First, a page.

More pixels aren’t necessarily better. Increasing megapixel counts means decreasing the size of each pixel, and that can hurt image quality unless there’s lots of light.
But by joining 2×2 or 3×3 pixel groups together into a single virtual pixel, an approach called pixel binning, camera makers get more flexibility. When there’s abundant light, the camera can take a 48-megapixel image that lets you dive into the photo’s details better. But if it’s dim, the camera will use the virtual pixels to take a 12-megapixel shot that suffers less from image noise and other problems
When shooting ordinary photos with the iPhone 14 Pro models, Apple will take 12-megapixel shots, whether with the ultrawide camera, the main wide-angle camera, the 3x telephoto camera or the new 2x telephoto mode that uses the middle of the main camera sensor. To get the full 48 megapixels, you’ll have to use Apple’s ProRaw mode, which offers more detail and editing flexibility but requires some manual labor to convert into a conveniently shareable JPEG or HEIC image.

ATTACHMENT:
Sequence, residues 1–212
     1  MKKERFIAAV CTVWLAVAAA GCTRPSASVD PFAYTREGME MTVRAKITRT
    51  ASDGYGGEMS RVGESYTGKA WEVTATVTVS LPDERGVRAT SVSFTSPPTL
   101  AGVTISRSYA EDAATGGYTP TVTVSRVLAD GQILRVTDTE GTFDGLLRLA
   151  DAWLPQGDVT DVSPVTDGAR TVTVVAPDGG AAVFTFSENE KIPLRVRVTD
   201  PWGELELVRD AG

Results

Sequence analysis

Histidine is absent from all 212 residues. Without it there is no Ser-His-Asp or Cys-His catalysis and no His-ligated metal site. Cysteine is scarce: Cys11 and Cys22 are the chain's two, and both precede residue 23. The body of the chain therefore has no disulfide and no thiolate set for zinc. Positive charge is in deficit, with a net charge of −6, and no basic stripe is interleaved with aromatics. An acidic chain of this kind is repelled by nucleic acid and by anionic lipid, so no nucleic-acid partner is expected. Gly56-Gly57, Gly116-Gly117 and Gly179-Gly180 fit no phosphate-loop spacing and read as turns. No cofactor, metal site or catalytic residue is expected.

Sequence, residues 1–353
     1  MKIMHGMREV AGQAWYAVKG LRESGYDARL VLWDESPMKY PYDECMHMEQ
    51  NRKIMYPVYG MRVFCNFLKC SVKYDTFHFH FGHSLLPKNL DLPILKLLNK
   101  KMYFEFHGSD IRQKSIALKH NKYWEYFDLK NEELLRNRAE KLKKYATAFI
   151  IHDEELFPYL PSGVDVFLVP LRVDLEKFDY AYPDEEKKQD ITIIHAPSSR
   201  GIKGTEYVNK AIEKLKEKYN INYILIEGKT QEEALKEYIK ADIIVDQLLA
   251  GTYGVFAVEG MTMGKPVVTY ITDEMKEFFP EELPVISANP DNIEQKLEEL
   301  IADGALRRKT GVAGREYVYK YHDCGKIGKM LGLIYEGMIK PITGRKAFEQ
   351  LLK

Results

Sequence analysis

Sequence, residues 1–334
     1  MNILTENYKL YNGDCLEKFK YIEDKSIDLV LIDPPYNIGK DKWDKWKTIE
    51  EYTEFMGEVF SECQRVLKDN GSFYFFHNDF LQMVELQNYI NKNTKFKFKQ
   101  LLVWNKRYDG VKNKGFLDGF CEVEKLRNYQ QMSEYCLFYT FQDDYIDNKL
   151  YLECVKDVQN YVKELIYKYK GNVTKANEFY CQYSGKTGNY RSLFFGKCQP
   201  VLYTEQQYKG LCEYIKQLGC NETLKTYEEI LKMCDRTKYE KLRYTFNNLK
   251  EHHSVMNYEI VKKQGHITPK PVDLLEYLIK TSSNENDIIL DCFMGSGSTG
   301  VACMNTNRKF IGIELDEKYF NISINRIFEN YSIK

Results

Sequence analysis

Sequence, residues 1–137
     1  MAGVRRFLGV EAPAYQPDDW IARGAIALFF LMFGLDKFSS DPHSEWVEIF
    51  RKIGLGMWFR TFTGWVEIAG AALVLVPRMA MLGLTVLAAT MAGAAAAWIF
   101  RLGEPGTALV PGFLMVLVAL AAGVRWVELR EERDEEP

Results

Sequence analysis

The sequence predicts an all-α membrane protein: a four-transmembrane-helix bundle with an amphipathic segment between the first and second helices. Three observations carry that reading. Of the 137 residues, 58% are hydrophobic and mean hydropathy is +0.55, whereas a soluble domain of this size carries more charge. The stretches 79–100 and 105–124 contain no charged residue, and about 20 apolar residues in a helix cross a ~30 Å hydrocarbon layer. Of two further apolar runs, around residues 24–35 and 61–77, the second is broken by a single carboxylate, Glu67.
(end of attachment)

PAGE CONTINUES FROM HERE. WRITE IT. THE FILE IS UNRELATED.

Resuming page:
“You can now shoot ProRaw at 48-megapixel resolution, taking advantage of every pixel in the main camera,” Silva said. “It’s unbelievable how much we can zoom in.”
The 2x telephoto option uses the 12 million relatively small pixels in the center of the 48-megapixel main camera sensor. That will mean worse image quality than shooting with the full 48 megapixels. But Apple, which increased that sensor size considerably compared with last year, says even those pixels are still bigger than on previous iPhone 2x telephoto cameras.